Document Type : Original Article
CIET-PRAM (Participatory Research at McGill), Department of Family Medicine, McGill University, Montreal, QC, Canada
Grupo de Estudios en Sistemas Tradicionales de Salud, Universidad del Rosario, Bogotá, Colombia
Department of Reproductive Health, Ministry of Health, Juba, South Sudan
Centro de Investigación de Enfermedades Tropicales, Universidad Autónoma de Guerrero, Acapulco, Mexico
Community participation is central to primary healthcare, yet there is little evidence of how this works in conflict settings. In 2016, South Sudan’s Ministry of Health launched the Boma Health Initiative (BHI) to improve primary care services through community participation.
We conducted a document analysis to examine how well the BHI policy addressed community participation in its policy formulation. We reviewed other policy documents and published literature to provide background context and supplementary data. We used a deductive thematic analysis that followed Rifkin and colleagues’ community participation framework to assess the BHI policy.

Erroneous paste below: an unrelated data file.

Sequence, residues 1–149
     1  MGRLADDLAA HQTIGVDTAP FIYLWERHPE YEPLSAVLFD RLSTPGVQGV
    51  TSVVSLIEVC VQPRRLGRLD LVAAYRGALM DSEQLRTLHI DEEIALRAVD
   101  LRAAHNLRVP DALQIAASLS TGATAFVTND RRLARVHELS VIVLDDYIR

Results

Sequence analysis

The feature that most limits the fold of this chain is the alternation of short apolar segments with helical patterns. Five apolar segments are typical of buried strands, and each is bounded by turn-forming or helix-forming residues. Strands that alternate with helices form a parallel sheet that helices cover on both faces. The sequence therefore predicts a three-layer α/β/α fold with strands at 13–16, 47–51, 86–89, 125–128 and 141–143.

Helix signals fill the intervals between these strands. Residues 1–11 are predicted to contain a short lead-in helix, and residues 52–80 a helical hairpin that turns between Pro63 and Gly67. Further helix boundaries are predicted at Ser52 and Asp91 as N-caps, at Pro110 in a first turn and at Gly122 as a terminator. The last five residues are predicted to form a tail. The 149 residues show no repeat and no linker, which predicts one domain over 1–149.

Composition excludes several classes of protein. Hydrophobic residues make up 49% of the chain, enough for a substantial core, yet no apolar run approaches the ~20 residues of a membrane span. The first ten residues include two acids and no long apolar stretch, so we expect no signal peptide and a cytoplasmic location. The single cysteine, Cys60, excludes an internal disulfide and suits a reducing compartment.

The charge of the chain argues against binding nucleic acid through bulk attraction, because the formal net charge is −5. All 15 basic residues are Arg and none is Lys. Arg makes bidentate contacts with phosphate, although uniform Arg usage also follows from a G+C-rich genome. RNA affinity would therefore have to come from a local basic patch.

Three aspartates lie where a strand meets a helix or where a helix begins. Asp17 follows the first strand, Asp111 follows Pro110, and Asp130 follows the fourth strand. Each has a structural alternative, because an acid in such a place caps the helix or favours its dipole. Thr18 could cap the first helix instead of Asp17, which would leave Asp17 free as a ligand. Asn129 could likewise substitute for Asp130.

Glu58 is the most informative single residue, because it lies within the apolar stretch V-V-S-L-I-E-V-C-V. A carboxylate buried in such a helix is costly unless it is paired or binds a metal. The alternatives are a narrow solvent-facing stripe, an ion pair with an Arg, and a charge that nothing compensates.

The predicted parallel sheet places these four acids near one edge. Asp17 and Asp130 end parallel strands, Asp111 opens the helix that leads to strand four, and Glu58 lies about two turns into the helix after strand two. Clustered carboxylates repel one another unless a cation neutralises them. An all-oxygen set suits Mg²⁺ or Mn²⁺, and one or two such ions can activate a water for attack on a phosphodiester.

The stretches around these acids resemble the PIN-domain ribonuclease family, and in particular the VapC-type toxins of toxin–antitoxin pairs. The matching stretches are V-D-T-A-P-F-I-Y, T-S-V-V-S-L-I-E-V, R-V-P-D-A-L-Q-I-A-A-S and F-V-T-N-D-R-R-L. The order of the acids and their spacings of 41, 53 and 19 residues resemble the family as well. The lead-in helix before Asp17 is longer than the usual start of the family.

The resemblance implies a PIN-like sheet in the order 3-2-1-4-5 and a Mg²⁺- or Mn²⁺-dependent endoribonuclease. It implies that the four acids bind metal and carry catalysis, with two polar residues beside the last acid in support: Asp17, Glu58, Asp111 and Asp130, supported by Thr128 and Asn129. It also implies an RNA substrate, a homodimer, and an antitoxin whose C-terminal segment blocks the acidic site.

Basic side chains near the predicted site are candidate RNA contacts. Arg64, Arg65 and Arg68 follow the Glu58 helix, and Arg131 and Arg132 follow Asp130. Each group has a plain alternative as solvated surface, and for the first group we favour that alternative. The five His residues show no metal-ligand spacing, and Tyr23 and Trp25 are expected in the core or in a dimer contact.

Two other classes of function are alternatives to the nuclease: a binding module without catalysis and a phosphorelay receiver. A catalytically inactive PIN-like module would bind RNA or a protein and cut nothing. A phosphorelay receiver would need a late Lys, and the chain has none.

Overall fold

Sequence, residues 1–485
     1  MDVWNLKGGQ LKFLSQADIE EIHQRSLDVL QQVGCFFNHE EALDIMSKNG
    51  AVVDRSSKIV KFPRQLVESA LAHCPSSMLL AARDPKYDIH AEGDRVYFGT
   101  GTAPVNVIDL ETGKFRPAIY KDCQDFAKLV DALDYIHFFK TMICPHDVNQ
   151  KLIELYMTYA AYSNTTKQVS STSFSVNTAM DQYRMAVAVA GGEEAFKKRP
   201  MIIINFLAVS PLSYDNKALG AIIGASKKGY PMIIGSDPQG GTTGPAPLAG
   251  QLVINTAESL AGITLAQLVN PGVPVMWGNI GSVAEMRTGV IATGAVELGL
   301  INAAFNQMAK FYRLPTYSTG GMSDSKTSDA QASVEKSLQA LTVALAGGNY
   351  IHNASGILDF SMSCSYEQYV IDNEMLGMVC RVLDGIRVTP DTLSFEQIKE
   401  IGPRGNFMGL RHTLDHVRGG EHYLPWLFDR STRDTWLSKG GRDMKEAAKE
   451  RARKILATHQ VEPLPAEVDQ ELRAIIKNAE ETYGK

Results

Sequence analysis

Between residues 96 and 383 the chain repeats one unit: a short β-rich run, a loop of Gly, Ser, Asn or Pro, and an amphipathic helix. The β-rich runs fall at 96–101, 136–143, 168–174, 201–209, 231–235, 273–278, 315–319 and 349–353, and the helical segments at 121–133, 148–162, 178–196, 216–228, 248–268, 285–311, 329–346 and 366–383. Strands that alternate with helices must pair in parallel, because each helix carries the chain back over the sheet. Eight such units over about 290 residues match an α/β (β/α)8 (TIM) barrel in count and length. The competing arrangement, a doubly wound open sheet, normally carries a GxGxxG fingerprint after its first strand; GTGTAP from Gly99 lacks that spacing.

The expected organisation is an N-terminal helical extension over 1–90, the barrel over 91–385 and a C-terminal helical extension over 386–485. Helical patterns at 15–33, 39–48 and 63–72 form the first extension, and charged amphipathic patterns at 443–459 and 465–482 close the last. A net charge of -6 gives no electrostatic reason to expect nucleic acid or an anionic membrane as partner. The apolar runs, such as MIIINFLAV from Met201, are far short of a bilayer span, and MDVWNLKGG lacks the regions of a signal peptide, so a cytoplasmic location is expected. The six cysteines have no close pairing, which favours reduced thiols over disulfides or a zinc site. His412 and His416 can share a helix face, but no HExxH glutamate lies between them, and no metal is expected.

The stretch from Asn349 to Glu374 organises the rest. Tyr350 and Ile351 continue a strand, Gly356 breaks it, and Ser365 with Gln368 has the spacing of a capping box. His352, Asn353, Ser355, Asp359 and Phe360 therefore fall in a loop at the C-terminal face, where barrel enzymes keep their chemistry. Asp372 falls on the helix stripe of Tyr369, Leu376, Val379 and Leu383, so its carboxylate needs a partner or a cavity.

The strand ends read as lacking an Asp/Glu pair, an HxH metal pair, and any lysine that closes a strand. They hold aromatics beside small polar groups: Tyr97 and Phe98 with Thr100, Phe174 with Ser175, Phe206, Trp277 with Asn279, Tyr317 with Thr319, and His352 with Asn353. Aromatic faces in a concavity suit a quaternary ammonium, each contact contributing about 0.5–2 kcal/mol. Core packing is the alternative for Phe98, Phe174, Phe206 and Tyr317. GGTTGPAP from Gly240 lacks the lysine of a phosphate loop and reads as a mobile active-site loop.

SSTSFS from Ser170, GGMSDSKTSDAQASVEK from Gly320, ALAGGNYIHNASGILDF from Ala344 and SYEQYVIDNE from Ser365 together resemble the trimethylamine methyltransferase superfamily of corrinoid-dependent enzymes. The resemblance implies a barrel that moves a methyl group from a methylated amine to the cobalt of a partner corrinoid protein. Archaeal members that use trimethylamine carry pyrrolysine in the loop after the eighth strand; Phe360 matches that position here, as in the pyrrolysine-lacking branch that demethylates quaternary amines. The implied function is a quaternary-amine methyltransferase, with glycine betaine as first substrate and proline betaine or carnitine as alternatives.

The BHI planners included inputs from communities without details on how the needs assessment was conducted at the community level, what needs were considered, and from which community. The intended role of communities was to implement the policy under local leadership. There was no information on how the Initiative might strengthen or expand local women’s leadership. Official documents did not contemplate local power relations or address gender imbalance. The policy approached households as consumers of health services.
Although the BHI advocated community participation to generate awareness, increase acceptability, access to services and ownership, the policy document did not include community participation during policy cycle.